Opening of stadiums and sports complexes for athletes was among the latest guidelines issued by the government on Sunday and ace wrestler Vinesh Phogat believes it had to be done sooner than later as sportspersons would otherwise start getting frustrated at home.
However, there is still uncertainty over a number of topics – it is yet to be made clear as to whether the complexes are open for competitions or training and the fate of contact sports like wrestling is yet to be ascertained. Vinesh feels that regardless of all, there hopefully is a decision soon enough for resumption of training at some level.
“At the moment it really is not possible to know till what time this pandemic is going to go on and we can’t stop our lives for it,” Vinesh told IANS on Monday. “Yes, we have to be careful but something has to be done, till when can athletes just sit in one place. The situation is now getting a little desperate because there is no training. We can think about competitions later but there is even no training and that is very frustrating.”
Vinesh has been training at home with her sister for a sparring partner. “But without a mat it is not the same. At the same time, I can’t really do anything else. I can go to the place where I usually go to train, no one comes there but that is a risk, so I am avoiding that. Plus, there are no competitions and so I am not pushing myself too much either. I am just using the time to keep myself fit,” said the 2018 Asian Games gold medallist.
Sports Minister Kiren Rijiju had said that the resumption of training will begin in phases with those who have qualified for the postponed Tokyo Olympics and those who are close to qualification being given preference. Vinesh is one of the most prominent athletes in her category, having qualified for the Games at the 2019 Wrestling World Championships and is seen as a medal contender.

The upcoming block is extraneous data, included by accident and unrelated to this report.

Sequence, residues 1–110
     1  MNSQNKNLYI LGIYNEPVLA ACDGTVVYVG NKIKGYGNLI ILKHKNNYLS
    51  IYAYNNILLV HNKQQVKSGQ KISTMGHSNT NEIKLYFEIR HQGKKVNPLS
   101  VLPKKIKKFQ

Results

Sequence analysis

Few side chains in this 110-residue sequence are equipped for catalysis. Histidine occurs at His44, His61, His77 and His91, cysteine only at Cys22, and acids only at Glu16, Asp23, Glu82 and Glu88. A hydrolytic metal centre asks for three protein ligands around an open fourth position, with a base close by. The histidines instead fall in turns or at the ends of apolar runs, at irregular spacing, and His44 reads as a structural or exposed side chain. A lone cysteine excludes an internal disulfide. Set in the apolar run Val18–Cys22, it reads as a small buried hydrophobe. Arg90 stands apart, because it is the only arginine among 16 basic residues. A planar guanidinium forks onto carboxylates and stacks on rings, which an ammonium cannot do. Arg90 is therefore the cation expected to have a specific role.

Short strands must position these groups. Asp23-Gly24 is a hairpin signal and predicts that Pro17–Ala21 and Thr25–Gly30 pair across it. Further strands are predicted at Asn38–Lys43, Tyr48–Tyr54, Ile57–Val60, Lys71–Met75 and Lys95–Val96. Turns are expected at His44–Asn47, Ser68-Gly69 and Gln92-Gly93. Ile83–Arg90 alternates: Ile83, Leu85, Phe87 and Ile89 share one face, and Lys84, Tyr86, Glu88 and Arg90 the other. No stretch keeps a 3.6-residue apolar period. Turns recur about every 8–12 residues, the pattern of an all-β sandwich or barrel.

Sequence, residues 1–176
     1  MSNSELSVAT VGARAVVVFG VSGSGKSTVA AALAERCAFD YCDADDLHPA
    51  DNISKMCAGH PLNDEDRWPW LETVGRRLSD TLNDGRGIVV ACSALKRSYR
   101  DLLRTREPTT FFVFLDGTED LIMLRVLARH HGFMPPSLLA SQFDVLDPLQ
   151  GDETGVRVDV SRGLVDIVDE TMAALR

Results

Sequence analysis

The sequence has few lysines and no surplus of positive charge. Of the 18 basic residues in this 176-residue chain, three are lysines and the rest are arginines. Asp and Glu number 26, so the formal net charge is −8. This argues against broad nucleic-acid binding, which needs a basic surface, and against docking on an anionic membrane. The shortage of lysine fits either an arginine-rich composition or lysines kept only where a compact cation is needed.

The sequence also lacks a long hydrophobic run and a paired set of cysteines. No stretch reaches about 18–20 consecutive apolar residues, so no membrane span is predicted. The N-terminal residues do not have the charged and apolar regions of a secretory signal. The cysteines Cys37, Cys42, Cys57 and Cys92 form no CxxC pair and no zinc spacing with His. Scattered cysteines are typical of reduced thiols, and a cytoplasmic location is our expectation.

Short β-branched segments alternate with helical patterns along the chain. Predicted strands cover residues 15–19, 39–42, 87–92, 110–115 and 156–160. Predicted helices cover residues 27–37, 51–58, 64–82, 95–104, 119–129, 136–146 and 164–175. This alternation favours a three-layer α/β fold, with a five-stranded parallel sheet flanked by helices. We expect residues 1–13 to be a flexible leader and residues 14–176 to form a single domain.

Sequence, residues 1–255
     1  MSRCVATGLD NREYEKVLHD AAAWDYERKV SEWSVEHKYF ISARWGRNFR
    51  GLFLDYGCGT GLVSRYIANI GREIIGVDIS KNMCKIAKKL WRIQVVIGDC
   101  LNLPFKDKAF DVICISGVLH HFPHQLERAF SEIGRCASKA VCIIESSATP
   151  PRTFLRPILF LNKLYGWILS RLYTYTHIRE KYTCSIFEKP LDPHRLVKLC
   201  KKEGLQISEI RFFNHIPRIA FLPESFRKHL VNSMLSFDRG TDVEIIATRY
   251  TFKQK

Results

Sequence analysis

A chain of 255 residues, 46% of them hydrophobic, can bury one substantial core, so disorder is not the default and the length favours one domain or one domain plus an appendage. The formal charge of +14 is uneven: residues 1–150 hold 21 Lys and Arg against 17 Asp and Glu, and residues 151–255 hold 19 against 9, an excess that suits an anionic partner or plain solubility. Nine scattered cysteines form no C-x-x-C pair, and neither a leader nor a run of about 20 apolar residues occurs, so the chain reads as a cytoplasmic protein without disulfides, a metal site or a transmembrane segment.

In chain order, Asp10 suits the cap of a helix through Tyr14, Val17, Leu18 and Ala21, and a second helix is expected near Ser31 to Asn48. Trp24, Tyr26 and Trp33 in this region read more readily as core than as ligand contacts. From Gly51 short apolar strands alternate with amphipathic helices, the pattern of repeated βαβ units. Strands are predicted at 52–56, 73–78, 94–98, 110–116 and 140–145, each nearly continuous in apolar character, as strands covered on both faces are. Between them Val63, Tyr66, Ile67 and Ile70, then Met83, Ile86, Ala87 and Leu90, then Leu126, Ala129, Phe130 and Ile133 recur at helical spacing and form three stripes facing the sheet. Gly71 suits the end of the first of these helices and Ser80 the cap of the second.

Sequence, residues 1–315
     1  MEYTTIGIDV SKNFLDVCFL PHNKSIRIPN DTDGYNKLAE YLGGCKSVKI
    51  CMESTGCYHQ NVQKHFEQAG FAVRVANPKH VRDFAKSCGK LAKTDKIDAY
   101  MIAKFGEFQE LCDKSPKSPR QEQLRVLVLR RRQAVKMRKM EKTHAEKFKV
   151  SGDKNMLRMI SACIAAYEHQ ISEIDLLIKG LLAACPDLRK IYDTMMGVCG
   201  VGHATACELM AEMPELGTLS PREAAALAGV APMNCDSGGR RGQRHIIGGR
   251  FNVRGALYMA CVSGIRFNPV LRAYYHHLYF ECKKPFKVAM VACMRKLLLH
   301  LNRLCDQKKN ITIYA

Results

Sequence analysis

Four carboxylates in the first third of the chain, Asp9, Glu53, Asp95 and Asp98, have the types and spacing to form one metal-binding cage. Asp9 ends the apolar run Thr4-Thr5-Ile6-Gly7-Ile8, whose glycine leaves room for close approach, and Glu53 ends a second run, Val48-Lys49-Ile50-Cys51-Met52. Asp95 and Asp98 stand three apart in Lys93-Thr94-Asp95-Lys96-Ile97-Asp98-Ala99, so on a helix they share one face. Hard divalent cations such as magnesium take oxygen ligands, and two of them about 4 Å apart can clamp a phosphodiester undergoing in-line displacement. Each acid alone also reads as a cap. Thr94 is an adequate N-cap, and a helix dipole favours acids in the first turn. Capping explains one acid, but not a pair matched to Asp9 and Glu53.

Vinesh was in the home run of her preparations for Tokyo 2020 when the COVID-19 pandemic took the world by storm and the Games itself got postponed by a year. Like most people, the 25-year-old initially thought that the lockdown, which was first imposed in March, will be over in just over a fortnight.
“No one knows how long this is going to take so we can’t continue to sit at home and train. What if it all comes to an end by the end of the year and it becomes absolutely sure that the Olympics will take place in July next year. You can’t prepare for an Olympics in such a short time period, so I hope some sort of a training plan comes up. For now, my coach keeps sending me training plans for the entire week and I follow it,” she said.
The risk of the virus, however, has hardly gone away from the country — over 96,000 cases of infections have been reported and more than 3000 have died. “The complexes may be opened but obviously, entry should be restricted,” said Vinesh.
“It’s not like the virus has disappeared so now anybody and everybody can enter the stadium. Yes, spectators can’t come but even among athletes, only those who truly need to train for big competitions, should be given priority. Plus, those that come with us, the coaches and others, all of them need to be taken into consideration. A lot of planning needs to be done.”
Vinesh said that the training routines at home is as much a help for her mental health as it is for her body.
“The thing about athletes who are at this level is that, if we are kept away from training for a prolonged period then that mindset and mentality that is needed to perform goes away,” said Vinesh.
“I am not used to staying at one place like this at all. That’s why I am continuing to train as much as possible or else I’ll be punching the wall in frustration. That is one of the main reasons why I am training at home, to keep myself calm and focussed.”